Award-winning author Hilary McKay has often wondered about the girls left in Miss Minchin's school. She has written WISHING FOR TOMORROW to tell us what happened to snobbish Lavinia, loyal Ermengarde and mischievous Lotte. The result is nearly as charming as the original book. McKay --- who demonstrates a deft psychological insight in all her books --- also uncovers reasons for some of the more villainous characters' behavior. Lavinia, we learn, is not just mean and jealous but hungry for intellectual life beyond the confines of finishing school. This is a life Miss Minchin once yearned for herself before necessity and convention determined her role as mistress of the same.

However, WISHING FOR TOMORROW is carried by Ermengarde, whose loyalty in A LITTLE PRINCESS is rewarded with little more than a supporting role housed in a character described as both fat and dim. WISHING FOR TOMORROW addresses this gross injustice by revealing Ermengarde as someone who has a gift of seeing to the heart of things. Where Sara's gift is for imaginings, Ermengarde's is for truth. After she gets eyeglasses (which address her troubled learning), Ermengarde discovers she has a knack for writing, and much of the novel is told in her engaging letters to Sara about life at Miss Minchin's and the girls who still live there.

McKay captures the lush descriptive style of Burnett's original along with the deft dialogue that reveals each of the characters. Going back to read A LITTLE PRINCESS, I was surprised to see how much McKay's work deepened the characters and conflicts in the original book. WISHING FOR TOMORROW also reveals some of the weaknesses in Burnett's book and provides answers for questions like why Sara didn't share the news of her impending good fortune with her schoolroom friends, especially after "the Magic" starts to transform her attic bedroom and her personal appearance.

Filled with adventures and intrigue as the girls deal with their losses and stretch towards the freedom they never imagined before Sara led the way, WISHING FOR TOMORROW is not only a charming sequel but also a lovely book in its own right. Best for readers who are already familiar with the original, McKay adds a few new characters, including Sara's replacement, Alice. Even though she is a servant, Alice is a no-nonsense country girl who resists Miss Minchin's bullying and fills the school with a pragmatic can-do spirit, much like Martha the Yorkshire maid in Burnett's other beloved classic, THE SECRET GARDEN.

McKay resolves WISHING FOR TOMORROW --- and A LITTLE PRINCESS --- by providing a bright future for each of the characters, even Lavinia and Miss Minchin. By providing a chance for each character to follow the dictates of her own heart, McKay suggests that Sara's code of behavior --- the wisdom, kindness and generosity of a princess --- is best realized when people are given the opportunities to explore not just their goodness but also what they are good for in this world.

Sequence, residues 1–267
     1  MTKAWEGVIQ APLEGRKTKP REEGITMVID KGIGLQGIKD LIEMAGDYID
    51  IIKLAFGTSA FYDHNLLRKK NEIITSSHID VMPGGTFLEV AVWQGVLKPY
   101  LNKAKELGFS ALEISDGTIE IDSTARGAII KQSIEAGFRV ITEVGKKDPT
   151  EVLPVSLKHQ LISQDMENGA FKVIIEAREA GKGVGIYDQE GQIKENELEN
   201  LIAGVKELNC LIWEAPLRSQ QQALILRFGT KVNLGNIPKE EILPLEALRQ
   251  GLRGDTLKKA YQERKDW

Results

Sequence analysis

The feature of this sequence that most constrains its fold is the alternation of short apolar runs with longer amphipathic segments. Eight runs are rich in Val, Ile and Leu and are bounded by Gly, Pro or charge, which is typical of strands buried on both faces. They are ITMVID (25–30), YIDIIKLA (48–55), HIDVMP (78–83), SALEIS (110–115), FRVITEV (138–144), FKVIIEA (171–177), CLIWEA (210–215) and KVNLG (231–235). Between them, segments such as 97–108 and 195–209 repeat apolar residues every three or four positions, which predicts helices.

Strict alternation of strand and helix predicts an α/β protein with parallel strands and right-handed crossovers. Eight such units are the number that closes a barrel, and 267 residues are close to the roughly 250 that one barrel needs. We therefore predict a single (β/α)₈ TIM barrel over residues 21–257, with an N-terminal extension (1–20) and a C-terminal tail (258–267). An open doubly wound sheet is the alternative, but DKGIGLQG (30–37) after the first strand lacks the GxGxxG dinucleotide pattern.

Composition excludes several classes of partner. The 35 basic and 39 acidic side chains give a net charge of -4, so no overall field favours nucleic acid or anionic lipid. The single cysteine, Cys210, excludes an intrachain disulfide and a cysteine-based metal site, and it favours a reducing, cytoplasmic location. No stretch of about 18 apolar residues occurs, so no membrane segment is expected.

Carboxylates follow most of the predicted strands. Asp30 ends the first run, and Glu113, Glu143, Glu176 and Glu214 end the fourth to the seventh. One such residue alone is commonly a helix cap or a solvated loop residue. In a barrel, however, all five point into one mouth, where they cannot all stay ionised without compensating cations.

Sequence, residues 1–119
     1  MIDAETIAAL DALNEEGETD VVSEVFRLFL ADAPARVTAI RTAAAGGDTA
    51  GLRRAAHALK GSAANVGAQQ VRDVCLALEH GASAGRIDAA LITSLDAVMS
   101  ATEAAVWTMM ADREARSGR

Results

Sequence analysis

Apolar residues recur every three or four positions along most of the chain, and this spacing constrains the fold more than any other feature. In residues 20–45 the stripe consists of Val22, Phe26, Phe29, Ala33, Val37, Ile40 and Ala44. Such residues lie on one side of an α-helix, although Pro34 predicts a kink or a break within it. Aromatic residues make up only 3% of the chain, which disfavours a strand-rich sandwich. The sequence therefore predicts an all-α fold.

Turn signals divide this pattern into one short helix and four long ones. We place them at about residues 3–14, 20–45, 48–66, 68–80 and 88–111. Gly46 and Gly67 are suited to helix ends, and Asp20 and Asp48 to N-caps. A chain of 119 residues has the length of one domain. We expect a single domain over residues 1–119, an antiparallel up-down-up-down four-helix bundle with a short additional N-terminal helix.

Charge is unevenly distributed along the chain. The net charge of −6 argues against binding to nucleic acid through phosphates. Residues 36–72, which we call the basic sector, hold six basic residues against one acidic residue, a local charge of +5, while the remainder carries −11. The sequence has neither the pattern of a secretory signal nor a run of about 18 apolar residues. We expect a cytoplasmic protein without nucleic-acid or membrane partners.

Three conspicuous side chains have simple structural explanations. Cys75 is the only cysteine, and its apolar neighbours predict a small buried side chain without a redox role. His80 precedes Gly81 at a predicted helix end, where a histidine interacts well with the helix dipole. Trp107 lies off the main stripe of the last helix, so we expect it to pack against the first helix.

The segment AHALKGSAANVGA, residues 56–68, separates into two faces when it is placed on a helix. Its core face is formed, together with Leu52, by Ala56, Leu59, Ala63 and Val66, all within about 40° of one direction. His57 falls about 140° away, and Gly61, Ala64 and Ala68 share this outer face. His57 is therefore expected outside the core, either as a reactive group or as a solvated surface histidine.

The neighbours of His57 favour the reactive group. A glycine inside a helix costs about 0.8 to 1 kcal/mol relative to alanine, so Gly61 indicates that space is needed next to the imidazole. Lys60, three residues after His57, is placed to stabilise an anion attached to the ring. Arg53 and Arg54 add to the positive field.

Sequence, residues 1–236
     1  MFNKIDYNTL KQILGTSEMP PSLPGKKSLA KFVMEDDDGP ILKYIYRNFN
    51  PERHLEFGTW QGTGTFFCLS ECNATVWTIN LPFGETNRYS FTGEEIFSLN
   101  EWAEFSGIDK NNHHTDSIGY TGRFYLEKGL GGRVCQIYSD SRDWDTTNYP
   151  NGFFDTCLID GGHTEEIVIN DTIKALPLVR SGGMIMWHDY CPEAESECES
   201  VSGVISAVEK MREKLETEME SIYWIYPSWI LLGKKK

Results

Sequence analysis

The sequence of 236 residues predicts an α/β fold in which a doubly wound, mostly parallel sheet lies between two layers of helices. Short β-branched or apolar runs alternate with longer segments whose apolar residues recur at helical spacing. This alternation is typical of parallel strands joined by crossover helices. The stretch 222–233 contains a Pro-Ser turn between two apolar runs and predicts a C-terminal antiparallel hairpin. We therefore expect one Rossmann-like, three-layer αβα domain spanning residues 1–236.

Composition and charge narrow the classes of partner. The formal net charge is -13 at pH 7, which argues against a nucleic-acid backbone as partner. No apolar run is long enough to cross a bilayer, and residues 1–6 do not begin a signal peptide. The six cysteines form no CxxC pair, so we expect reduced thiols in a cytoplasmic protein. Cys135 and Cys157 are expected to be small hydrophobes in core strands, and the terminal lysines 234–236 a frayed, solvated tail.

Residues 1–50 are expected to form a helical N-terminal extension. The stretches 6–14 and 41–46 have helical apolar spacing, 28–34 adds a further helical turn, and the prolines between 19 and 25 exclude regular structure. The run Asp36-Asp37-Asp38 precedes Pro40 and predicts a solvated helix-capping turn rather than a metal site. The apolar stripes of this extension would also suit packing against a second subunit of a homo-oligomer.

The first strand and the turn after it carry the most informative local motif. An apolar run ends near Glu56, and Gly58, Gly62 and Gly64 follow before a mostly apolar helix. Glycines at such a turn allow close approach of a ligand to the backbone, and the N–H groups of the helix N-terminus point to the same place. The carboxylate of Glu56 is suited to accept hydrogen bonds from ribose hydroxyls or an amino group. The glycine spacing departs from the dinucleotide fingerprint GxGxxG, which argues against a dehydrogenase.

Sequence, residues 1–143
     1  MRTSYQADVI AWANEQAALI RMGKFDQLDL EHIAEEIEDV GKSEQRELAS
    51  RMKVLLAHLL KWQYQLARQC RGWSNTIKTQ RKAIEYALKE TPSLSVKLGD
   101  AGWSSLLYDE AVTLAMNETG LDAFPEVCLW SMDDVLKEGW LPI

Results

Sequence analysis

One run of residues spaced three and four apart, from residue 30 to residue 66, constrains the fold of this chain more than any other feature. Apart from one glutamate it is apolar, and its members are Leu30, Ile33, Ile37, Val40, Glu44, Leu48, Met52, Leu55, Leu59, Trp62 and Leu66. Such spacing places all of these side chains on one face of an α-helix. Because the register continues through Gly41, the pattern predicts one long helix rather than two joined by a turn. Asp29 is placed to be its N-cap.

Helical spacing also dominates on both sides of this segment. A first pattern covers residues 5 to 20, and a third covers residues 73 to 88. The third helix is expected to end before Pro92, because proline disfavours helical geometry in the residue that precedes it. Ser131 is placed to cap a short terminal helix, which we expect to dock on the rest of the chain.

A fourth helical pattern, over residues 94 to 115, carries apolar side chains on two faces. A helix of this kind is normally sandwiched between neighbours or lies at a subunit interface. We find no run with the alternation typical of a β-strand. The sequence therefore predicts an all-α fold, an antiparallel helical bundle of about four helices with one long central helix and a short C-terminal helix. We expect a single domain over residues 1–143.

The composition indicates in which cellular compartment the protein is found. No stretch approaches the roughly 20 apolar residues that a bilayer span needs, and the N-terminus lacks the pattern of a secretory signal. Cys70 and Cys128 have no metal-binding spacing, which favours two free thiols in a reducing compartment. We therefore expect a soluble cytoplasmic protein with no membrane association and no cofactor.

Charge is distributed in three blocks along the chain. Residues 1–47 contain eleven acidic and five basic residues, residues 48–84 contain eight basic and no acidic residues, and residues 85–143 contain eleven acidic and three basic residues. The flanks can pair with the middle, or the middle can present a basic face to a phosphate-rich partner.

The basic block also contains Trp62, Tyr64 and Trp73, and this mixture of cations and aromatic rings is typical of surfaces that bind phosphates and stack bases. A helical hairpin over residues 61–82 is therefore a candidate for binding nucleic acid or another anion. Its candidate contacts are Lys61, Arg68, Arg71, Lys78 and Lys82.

--- Reviewed by Sarah A. Wood
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3 of 4 people found the following review helpful
2.0 out of 5 stars Very Disappointing Sequel, January 23, 2010
I loved reading "A Little Princess" as a child and still re-read it occasionally as an adult. I found out about this sequel when it was reviewed in "The Wall Street Journal" and I was excited to read the new book, yet a little afraid. Would it really be a worthy expansion upon the original story? Would it match Burnett's tone? I read the original book again right before reading the sequel and decided to find out.

I am sad to say that this book fails on both accounts. The first few chapters were a quick rehash of what happened in the first book. With "A Little Princess" being the classic that it is, I am sure the reader will be very familiar with the story and even though the events are told in the second book from Ermengarde's view, it just comes off as being redundant. McKay also makes a point to mention that Ermengarde and Lavinia knew about the magic that happened in the attic because they went up there when Sara was not around. I was immediately put off by this because while McKay may be writing a sequel, she shouldn't be altering the original source material!

The plot of the sequel finally starts to happen when the Sara and the Indian Gentleman move out of their house. McKay then tries to advance the story by fleshing out the characters of Sara's schoolmates. Lavinia isn't the mean bossy girl that we thought. She has a sudden quest for knowledge and starts a vigorous study regime. Lottie is a mischievous trouble maker without Sara around to take care of her. Ermengarde pines for Sara, yet doesn't mail any of the replies she writes to Sara's letter.